Winogrand-Figments from the Real World

I was reading "Winogrand-Figments from the Real World" by John Szarkowski, when I came across this one particular sentence that stopped me in my tracks.

"Winogrand was uninterested in making pictures that he knew would succeed..."

I rubbed my eyes, and re-read it to make sure I saw it correctly. Yes, yes, it really does say, "uninterested". I bookmarked the page and closed it. I needed to think about this idea, and really digest it.

It got me thinking back to photographer Jim Brandenburg's documentary "Chased by the Light", in which he allowed himself to only take ONE photo per day for ninety days. In the film, he talks about how one day he was confronted with a choice. He found a Raven's feather on a rock after a rainfall. It wasn't a particularly grand feather, but he felt a special connection to it. Yet, behind him was a can't miss postcard opportunity with a beautiful expansive rainbow and a lake. To stay true to his project, he could only shoot one. Rather than taking the picture of the rainbow, one that he knew would succeed, he shot the less dramatic, but more introspective feather with raindrops on it.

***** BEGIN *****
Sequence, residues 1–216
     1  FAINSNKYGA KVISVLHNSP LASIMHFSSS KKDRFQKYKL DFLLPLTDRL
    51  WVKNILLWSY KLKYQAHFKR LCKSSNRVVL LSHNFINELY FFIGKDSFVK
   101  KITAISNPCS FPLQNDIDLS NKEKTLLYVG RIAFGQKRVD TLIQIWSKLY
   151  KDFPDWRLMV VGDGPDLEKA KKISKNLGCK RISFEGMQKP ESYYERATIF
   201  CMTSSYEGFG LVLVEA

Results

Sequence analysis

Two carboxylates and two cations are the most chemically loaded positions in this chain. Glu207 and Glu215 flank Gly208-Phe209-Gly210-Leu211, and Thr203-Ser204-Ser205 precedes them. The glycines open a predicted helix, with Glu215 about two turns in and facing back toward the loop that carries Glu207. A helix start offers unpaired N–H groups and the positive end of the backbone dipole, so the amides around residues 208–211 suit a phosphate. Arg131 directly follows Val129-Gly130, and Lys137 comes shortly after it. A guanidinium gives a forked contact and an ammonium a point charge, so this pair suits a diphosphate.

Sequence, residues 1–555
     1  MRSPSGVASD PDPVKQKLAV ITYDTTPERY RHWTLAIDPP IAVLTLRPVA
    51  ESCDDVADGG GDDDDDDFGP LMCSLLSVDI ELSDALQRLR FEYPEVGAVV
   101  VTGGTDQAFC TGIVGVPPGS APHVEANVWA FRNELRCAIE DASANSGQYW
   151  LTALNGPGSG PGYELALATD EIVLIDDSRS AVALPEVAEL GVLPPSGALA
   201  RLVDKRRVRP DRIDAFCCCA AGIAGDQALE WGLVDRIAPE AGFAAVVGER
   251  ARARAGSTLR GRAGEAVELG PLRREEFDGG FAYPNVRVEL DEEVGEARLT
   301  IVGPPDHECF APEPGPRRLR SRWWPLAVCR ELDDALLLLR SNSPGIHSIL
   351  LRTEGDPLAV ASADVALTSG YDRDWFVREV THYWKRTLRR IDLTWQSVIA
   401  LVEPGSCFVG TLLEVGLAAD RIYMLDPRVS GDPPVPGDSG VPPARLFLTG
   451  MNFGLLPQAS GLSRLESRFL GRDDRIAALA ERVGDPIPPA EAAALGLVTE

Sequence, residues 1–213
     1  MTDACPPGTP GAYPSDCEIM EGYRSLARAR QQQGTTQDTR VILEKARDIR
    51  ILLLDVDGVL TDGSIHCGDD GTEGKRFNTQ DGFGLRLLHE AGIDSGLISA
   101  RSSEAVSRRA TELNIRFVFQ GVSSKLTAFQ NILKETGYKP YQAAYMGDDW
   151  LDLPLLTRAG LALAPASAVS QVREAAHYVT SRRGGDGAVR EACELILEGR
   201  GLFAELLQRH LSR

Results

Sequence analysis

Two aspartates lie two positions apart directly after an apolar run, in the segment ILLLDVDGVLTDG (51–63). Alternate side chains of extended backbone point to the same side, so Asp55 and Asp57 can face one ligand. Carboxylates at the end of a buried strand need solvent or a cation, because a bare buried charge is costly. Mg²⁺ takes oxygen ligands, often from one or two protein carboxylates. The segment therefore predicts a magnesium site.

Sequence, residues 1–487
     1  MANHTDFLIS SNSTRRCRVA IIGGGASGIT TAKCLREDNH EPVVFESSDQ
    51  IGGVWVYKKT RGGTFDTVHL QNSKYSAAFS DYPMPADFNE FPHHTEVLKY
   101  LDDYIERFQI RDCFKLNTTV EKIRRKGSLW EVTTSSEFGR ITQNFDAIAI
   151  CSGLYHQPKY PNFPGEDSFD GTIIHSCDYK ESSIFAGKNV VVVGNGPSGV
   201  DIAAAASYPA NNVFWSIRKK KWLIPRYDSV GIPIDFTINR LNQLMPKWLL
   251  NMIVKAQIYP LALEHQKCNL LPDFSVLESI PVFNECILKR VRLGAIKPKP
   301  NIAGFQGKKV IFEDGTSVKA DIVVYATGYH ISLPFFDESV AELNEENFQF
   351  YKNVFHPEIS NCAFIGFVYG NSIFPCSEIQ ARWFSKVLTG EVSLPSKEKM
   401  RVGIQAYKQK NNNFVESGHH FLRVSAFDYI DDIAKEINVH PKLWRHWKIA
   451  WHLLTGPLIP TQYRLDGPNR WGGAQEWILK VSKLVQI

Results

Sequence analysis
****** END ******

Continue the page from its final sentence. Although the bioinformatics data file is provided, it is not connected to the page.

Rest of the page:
I know Robert Frost's poems have been heavily quoted, yet I can't help but to see a clear connection between what Winogrand and Brandenburg felt, and Frost's poem, "The Road Not Taken".


Two roads diverged in a yellow wood
And sorry I could not travel both
And be one traveler, long I stood
And looked down one as far as I could
To where it bent in the undergrowth

Then took the other as just as fair
And having perhaps the better claim
Because it was grassy and wanted wear
Though as for that, the passing there
Had worn them really about the same

And both that morning equally lay
In leaves no step had trodden black
Oh, I kept the first for another day!
Yet, knowing how way leads onto way
I doubted if I should ever come back

I shall be telling this with a sigh
Somewhere ages and ages hence
Two roads diverged in a wood
And I took the one less traveled by
And that has made all the difference

Robert Frost



As photographers, I believe there comes a point when we need to ask ourselves which path we will take. What is it that we want to say with our images? Will we choose to do things differently than everybody else, or be restricted by conformity